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BEST OF THE BOW: Alanna Pettigrew voted best volunteer in Banff

“Some days I think I’m quite crazy because I live and breathe what I am doing right now and I have never found a better place for my soul.”
23 Banff Food Rescue 0005
Volunteers set up a variety of different foods at Banff Food Rescue in the Sundance Mall in Banff. RMO FILE PHOTO

BANFF – Alanna Pettigrew is one of the best.

That’s according to the Rocky Mountain Outlook’s Best of the Bow readers' choice awards, with voters recognizing the founder and operator of Banff Food Rescue as the best volunteer in Banff.

“Wow! This is awesome. I love doing what I’m doing,” says Pettigrew, who was born and raised in Banff. 

“Some days I think I’m quite crazy because I live and breathe what I am doing right now and I have never found a better place for my soul.”

What started in the basement of Pettigrew’s Spray Avenue home in 2016 to prevent perishable food from being thrown out as well as to help residents put food on the table regardless of their employment status has grown into a much bigger operation in the lower level of the Sundance Mall. 

Banff Food Rescue became even more invaluable during the height of the COVID-19 pandemic, when the shutdown of Alberta’s economy in March to all but essential services and halted tourism in Banff National Park.

Unemployment in the early days was estimated as high as 85 per cent as many businesses had to temporarily close their doors, including the local food bank.

At the time, the local volunteer-run Banff Food Rescue became the main source of food for many people facing food insecurity.

Every day during the height of the coronavirus pandemic, up to 20 volunteers picked up and sorted food donated by grocery stores, food chain suppliers and local restaurants. 

They also deliver family and individual boxes in Banff and Canmore. 

“When everything was pretty much shutdown, we were seeng 230 people a night – that was just unbelievable,” says Pettigrew, noting the previous pre-pandemic record number of people at the door was 83.

“We had so many people lined up that I had to get pylons outside so that I could make sure people were spaced properly. It was certainly challenging, but it was also so exciting.”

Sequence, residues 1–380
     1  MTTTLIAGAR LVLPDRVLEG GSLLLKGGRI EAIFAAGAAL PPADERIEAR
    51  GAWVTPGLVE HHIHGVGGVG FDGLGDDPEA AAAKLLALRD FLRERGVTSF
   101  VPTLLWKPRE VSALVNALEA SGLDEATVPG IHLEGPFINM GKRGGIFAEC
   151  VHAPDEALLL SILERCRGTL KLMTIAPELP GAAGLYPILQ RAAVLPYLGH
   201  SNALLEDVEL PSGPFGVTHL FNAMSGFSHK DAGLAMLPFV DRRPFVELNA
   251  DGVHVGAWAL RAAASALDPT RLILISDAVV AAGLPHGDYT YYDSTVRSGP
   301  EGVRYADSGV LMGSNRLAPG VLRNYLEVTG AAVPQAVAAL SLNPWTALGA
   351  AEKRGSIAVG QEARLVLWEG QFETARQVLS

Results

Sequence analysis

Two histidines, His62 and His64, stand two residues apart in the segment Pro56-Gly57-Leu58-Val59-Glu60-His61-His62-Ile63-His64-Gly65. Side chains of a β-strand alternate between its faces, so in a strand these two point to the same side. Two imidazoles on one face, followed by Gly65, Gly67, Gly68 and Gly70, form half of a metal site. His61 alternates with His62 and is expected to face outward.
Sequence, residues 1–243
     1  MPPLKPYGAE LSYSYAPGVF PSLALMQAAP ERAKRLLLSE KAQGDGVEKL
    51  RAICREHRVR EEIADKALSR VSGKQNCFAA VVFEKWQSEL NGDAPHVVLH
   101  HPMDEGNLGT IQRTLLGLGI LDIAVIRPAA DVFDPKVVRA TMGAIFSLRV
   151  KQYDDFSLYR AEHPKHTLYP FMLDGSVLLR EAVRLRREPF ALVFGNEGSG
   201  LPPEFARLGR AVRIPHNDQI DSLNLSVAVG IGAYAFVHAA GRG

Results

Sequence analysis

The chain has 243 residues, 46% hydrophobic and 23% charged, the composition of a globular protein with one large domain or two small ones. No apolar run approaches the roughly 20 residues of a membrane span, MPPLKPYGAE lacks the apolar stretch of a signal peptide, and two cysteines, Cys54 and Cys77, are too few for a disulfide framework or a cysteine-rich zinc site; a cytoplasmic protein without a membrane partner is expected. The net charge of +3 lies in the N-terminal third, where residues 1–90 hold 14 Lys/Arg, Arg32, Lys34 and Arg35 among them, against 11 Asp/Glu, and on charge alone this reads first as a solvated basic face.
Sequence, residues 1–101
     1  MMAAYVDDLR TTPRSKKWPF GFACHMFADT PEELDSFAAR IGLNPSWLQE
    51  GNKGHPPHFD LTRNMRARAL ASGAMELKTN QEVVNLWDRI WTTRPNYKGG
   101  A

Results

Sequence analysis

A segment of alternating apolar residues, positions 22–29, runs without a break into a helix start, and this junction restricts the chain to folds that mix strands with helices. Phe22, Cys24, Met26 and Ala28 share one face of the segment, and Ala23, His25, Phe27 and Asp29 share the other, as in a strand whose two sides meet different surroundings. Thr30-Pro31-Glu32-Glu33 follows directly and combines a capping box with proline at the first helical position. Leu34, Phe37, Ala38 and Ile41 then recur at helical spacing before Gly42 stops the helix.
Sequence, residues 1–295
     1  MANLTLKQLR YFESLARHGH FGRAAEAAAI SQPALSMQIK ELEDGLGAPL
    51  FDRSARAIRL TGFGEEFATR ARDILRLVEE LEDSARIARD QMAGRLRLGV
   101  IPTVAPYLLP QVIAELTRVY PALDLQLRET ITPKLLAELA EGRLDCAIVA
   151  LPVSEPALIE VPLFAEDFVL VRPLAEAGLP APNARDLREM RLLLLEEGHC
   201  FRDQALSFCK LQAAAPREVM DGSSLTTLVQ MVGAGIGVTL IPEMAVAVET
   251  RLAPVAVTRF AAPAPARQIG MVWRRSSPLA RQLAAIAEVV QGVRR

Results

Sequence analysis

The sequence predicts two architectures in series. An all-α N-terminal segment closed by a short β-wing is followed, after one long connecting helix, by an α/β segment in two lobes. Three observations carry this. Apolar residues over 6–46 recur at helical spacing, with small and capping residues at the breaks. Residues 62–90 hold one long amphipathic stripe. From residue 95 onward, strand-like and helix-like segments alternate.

In June, the Alberta Northern Lights Volunteer Recognition Program acknowledged Pettigrew for all the work she does with Banff Food Rescue, particularly during the COVID-19 pandemic.

She says her volunteer work is driven by her desire to help people.

“Caring about other people is super important and that’s something that’s been integral throughout my life,” says Pettigrew, adding that her mentors were her parents.

“I saw them involved in different ways to help other people who were less fortunate, or being involved in projects that would help the community as a whole.”

When she sets her mind to something, Pettigrew makes it happen – and that’s exactly what she did when she started the food rescue service out of her basement on Sept. 28, 2016.

Having worked at Safeway for about 20 years, she was saddened at the all food that was wasted and thrown out, perfectly good food that had simply reached an expiry date.

But it was about more than that for Pettigrew. It came at a time she felt extremely isolated, being responsible for the full-time care of her sister Nicole, who is disabled.

“I had the most amazing people come through my door and share what I have to offer,” she said.

“It also allowed me to get something out of it, which was to have these amazing, mostly young people come into my life and help me not to feel isolated.”

Pettigrew says she believes one of the hardest things for people to do is ask for help – and the food rescue service helps alleviate that.

“I think what this whole project does is it eliminates the need to ask for status, criteria, things that explain why you’re there,” she says.

“It takes away those barriers; there’s nothing worse than having to swallow your pride and ask for help, particularly for things that should be basic needs,” she adds.

“I just think this hits so many different things all at once – it isn’t all about food, but connections.”

Pettigrew wants to send her thanks to the many community partners who see value in what Banff Food Rescue does.

“I would encourage them to keep contributing with monetary donations, or in other ways, because we are trying to be sustainable,” she said, noting the organization wants to get sponsorship for a vehicle to help the program.

The Banff Food Rescue runs Mondays, Wednesdays and Fridays and there are also the occasional pop-ups.



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